U-Konserve is a company out of Sausalito California making some of their products from recycled plastics. I read this on their website, Americans discard more than 30 million tons of plastic a year, and only 8% gets recycled. The rest ends up in landfills, is incinerated, or becomes litter.

Photo by Pixabay/shirley810

Started by two moms that wanted to cut down on the waste created by packing lunches for their school-age children, this company is at the forefront of eco-friendly food-carrying products. Not only are their lunch totes and ice packs made from recycled plastic, but U-Konserve also makes a full line of eco-friendly food and beverage toting products. U-Konserve stresses the importance of using functional implements for packing lunches that can be reused hundreds of times. They even have a Lids for Life program where if the lid on their stainless steel container wears out, they will replace it for free.

A Better Grocery Store

In Maryland, a new kind of grocery store was born in 1987. Scott Nash is the founder and CEO of MOM’s (MOM’s Organic Market).  Scott has taken this small business started in his mother’s garage and turned it into a model for the future of grocery stores. Now spanning four Mid-Atlantic States and the District of Columbia, MOM’s stores accept a variety of hard to recycle products in their store. Customers can drop off used corks, shoes, foil-lined snack bags, eyewear, and other hard to recycle items. They also recycle Christmas lights during the holidays.

MOM’s Organic Grocery Store recycling station.

MOM’s quit selling still or flat bottled water in 2010 as part of their commitment to protect and restore the environment. They don’t use plastic grocery bags and encourage customers to bring re-useable bags when shopping. MOM’s gives customers a ten cent credit for each reusable bag used for toting groceries. One of the aspects of MOM’s commitment to the environment that impresses me the most is their donations of over $500,000. This money goes to environmental organizations that share in their global view of protecting our planet. If you don’t have a MOM’s store near you, pressure your favorite grocery store to adopt MOM’s eco-practices.

Mr. Trash Wheel to the Rescue

John Kellet got tired of seeing trash floating in Baltimore’s Inner Harbor on his way to work and took action. After 12 years of creating a workable prototype, Kellet’s Mr. Trash Wheel was put to work. This marvel of modern engineering scoops up tons of floating trash from Jones Falls, Harris Creek, and Masonville Cove. Powered by the force of flowing water supplemented with solar panels, Mr. Trash Wheel is saving the Bay.  Mr. Trash Wheel keeps thousands of plastic bottles, chip bags, plastic grocery bags, and more junk out of the Chesapeake Bay. What’s not to love about these machines!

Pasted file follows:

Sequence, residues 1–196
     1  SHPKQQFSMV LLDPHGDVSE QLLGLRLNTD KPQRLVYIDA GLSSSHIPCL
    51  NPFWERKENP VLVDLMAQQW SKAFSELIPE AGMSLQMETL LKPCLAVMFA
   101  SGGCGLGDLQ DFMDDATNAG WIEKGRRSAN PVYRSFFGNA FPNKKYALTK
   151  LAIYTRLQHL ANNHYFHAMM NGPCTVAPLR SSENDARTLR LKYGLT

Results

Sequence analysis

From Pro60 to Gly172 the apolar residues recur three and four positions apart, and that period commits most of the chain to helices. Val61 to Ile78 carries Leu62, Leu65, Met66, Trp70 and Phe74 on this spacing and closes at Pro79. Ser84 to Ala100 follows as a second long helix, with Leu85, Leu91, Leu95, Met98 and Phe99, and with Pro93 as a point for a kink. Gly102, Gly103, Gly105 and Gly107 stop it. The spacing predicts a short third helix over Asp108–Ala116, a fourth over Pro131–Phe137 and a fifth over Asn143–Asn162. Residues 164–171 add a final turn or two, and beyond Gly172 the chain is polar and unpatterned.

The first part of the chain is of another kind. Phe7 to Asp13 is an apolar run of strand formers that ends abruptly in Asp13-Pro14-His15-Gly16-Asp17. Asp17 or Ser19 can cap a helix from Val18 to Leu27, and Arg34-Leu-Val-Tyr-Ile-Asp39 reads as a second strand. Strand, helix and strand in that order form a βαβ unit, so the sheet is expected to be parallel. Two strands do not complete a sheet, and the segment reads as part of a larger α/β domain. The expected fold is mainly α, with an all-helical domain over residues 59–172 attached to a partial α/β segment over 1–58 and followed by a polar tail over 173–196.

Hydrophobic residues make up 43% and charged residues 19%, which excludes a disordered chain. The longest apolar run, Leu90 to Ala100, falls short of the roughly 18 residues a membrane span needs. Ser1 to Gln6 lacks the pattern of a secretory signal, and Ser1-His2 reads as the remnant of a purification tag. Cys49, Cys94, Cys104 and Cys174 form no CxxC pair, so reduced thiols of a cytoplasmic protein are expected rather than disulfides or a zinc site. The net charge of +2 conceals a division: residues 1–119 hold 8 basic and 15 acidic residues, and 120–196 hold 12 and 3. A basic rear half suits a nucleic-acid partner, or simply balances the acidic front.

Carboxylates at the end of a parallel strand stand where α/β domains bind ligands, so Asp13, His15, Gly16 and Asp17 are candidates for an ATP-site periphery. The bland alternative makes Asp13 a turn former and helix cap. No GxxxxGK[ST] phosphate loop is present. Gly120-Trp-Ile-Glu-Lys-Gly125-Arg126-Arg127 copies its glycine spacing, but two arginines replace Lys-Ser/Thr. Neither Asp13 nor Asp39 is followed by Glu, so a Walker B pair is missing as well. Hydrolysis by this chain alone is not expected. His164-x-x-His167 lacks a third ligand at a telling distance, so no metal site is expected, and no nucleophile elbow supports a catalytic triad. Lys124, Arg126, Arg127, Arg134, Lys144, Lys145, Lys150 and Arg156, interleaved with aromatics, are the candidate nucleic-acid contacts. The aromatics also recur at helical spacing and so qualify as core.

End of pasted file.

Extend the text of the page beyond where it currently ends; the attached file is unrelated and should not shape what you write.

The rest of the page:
Harris Creek trash wheel dubbed Professor Trash Wheel.

Volunteer events help sort some of the trash and send appropriate items to a recycling center. The rest is sent to landfills. And while I’d like to see all the plastics recycled, it’s better to be sent to a landfill than float out into the Bay.

What We Can Do

  1. Reduce, reuse, and recycle is still vital as ever.
  2. Consider buying beverages in aluminum instead of plastic containers.
  3. Contact your local municipality if you aren’t clear about proper recycling methods. It would be a shame to have your efforts end up in the local landfill unnecessarily.
  4. Be a part of the change by posting some of your favorite recycled products on the Mother Earth News Facebook page. By sharing eco-friendly products sources our health and the health of the planet will benefit greatly.

Kurt Jacobson writes about travel, food, wine, organic gardening, and most anything else from his varied professional life. His articles appear in Alaska Magazine, Fish Alaska Magazine, Metropolis Japan Magazine, Edible Delmarva Magazine, North West Travel and Life Magazine, and Mother Earth News. Kurt lives in the Baltimore, MD area with his wife, dog and cats. Kurt is a regular contributor to writing about Alaska, Colorado, New Zealand, Japan, and the Mid-Atlantic areas.